5 Mightly Content Tips to get you More Readers and Links

Much of the time writers look to increasing word count before seeking to expand their readership.   I don’t want to berate that approach, label it is criminal, because it is a very simple trap to fall into.   It could be better said that often less words make better content, that brevity is your friend, or the best quote ever from Blaise Pascal “I would have written a shorter letter, but I did not have the time.”  Here are five tips for any writer looking to produce better great content to increase readership and attract links.

Before you start, don’t kid yourself.  If you are not going to be honest with yourself and produce something that is really great, the I suggest that you find another topic, or find a co-writer for the piece.  Not even an editor can help you here.

Great content answers my questions and ends my search for information.  Great content is to the point.  We are looking for answers to our questions, so give them to us.  Imagine that your readership has ADHD and if you are not sure how that feels, it is like a kid on a sugar rush on a road trip with no outlet for the building energy and impatience.  We crave the answers to our questions, and we want to know that if we invest time reading, that we are certain to get those answers.

Great content is information that people desire and seek out.  Don’t focus on the details that don’t help us.  It may sound obvious, but if you are going to write about online marketing, don’t start your writing by introducing the concept of the Internet as a business platform.  It is in violation of point 1, and there is no way on God’s-green-earth that you will be cited for words of wisdom.

Great content knows the topic and includes valuable information that only specialists would be able to provide.  If you are going to write a piece about how to build a deck on your house,  it should give us the instructions and the details that we can act on.  The types of wood (yes, we want names), the size of the screws (yes, we want numbers) and photographs so we can align our expectations.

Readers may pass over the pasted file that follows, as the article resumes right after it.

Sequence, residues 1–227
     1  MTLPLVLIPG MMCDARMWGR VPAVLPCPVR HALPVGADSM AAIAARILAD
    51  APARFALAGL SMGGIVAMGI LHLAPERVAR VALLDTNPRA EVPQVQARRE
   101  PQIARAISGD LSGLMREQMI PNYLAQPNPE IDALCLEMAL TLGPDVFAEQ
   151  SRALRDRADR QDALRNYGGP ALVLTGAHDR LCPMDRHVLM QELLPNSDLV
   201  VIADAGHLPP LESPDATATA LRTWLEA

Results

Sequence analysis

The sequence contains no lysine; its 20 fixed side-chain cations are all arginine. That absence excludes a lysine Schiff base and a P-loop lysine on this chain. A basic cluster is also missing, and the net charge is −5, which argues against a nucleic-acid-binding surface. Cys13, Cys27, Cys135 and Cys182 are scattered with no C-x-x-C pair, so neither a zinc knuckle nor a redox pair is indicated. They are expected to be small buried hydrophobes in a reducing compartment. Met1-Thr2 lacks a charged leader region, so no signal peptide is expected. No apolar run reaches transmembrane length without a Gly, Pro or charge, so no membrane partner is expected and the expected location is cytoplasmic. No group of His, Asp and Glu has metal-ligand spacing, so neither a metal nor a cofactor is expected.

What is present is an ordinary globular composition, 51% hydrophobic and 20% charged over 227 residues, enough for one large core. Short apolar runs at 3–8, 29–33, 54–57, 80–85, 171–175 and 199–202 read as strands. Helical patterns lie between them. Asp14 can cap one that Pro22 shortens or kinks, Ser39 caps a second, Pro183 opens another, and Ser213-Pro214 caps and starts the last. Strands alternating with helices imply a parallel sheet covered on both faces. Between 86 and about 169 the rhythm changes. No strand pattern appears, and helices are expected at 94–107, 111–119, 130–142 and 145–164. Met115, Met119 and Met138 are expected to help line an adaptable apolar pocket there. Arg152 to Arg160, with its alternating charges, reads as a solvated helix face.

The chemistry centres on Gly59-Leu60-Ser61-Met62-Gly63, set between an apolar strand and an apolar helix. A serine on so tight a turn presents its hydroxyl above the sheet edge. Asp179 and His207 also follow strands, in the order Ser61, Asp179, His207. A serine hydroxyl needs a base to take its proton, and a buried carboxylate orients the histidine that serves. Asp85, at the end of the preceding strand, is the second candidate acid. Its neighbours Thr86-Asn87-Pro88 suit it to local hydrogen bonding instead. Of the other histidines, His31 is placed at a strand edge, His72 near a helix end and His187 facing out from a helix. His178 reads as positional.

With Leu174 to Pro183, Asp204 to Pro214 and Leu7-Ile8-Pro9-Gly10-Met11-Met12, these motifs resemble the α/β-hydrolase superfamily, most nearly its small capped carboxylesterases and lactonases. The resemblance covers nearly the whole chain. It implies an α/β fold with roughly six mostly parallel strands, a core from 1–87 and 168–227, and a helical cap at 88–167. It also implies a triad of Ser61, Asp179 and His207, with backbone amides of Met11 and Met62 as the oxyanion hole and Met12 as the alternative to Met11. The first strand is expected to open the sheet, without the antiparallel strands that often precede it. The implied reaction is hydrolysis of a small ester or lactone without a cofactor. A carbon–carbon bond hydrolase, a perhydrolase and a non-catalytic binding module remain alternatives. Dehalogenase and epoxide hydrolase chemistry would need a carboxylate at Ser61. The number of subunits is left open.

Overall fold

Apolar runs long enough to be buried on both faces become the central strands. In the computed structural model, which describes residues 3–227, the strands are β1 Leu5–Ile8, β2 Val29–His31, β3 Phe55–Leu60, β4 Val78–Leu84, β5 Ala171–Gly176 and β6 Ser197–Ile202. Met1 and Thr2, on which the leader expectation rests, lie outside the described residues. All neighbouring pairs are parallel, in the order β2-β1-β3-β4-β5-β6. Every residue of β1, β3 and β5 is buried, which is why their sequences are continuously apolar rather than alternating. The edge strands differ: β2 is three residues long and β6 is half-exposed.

Great content is a collection of different forms of content – don’t just stop at text.  This does not mean that you need to submit original photographs, or start hiring freelancers to create infographics for you.  All new knowledge is dependent on the knowledge that has come from people before you – I mean that you can refer to other author’s work and build upon those thoughts to create something great.

Specialists are never anonymous.  Put your name on your work, and it should be obvious why you are an authority on what you are speaking about.  I don’t think that you need to establish some academic authority, because not all knowledge is based in academia, but there should be a feeling that you are trusted.  It is safe to say that if you accept point 1-4 above and use them in your writing, then your authority and trust in the topic area will be demonstrated.

A note on editing and editorial review:

Behind every great writer is a good editor.   All of the best writers in the word have one.  Stephen King had Michael Garrett and J.K. Rowling had Arthur A. Levine.  Every writer should share their content before it gets published.

If you don’t have an editor great writing will be something that your friends will enjoy reading.  Show it to your colleagues and friends before you publish it and see if it is as great as you think it is.  But don’t kid yourself, be honest with yourself, because your first draft is never your final copy or your best work.

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